Bergamasco puts Twickers debacle behind him

Italy flanker Mauro Bergamasco has claimed that his Twickenham debacle is well and truly behind him as the Six Nations minnows prepare to face England at the Stadio Flaminio on Sunday.

Bergamasco suffered a humiliating experience in last season’s Six Nations opener when coach Nick Mallett selected him to play at number nine.

He had a disaster and was at least partially at fault for all three of England’s first half tries that rendered the second half, by which time he had been replaced, little more than a procession.

But the Stade Francais back-rower insists he has not let that performance affect him in any way.

“What happened last year was just a professional blip and until you asked me about it right now, I hadn’t even thought about it,” he told AFP.

“It’s not something that’s going to condition everything else a player has done in his career.

“Those who know rugby know what I’m about and one match cannot erase a player’s professionalism or ability, so im not worried about it.

“Obviously playing in my best position (flanker) allows me to give my best to the team but whatever position I’m asked to play in, I’ll do my best, although it can always happen that you make mistakes or don’t play your best.”

With the exception of last year’s horror show, Italy have recently been getting closer to recording a first ever win against England.

In 15 previous clashes, England have won every one but the last time they faced England at home in the Six Nations, Italy came as close as ever, going down narrowly 23-19.

Some could say that their confidence should be low coming into this game as last week’s 29-11 defeat to Ireland in Dublin was their 14th reverse in their last 15 matches, but Bergamasco says that’s all just part of an emerging nation growing up in rugby terms.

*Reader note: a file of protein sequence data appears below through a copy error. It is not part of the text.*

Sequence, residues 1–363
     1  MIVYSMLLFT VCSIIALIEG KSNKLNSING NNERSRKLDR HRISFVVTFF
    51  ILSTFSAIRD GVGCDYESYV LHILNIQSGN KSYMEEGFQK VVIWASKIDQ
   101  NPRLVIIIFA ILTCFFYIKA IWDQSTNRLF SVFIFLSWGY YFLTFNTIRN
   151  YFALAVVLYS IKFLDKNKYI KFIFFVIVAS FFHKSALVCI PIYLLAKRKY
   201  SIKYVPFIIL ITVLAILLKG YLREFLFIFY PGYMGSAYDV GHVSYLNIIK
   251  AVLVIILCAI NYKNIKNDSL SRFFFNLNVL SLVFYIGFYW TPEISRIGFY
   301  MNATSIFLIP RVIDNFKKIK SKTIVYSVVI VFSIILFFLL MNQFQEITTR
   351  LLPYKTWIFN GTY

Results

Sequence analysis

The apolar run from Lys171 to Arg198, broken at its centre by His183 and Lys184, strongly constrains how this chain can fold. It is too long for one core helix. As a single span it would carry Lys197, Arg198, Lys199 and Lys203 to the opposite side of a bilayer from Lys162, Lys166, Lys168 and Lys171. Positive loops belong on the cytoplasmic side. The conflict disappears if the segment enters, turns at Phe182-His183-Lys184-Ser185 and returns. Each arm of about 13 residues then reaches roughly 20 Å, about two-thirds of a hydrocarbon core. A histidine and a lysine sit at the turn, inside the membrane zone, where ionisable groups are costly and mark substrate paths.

“To evolve you have to play against better teams and for Italy it’s not difficult in world rugby to find better teams,” he said.

“And playing the likes of New Zealand, Australia, South Africa and even Ireland gives us the chance to evolve as a team and as a group.” Certainly history tells England that they can be confident and coach Martin Johnson believes his team should come away from Rome with the points.

His side will be looking to build on last weekend’s 30-17 defeat of Wales at Twickenham as they bid to win a first Six Nations title since 2003.

“We should know that if we perform we can beat any team in the competition and we can also lose if we don’t perform,” he said.

“Attitude, when we take the field away from home is a key factor. Do we expect to win, of course that’s what we want to do but there is a process to go through.

“There is potentially an issue after a win of euphoria and getting carried away with yourself but the mark of a good side is backing up a good performance and victory.

“We could play well on Sunday and be in a game that is very close and it could be like that.” Italy’s former Australia under-21 international Luke McLean also believes it will be close and said his team must avoid giving Johnny Wilkinson the chance to kick at goal.

“In most internationals at the moment the team that ends up winning is the team that makes the least mistakes,” he said.

“Simple errors, missing one-on-one tackles, kicking the ball out on the full and putting your team under pressure. Just things like that and obviously last year at Twickenham when you take out the first 30 minutess or so it did turn into a contest.

“Obviously with Johhny Wilkinson kicking, as we saw last week I think he kicked six from six, so we don’t want to be giving away stupid penalties in range and stupid errors in your own half and we must keep concentrated.”


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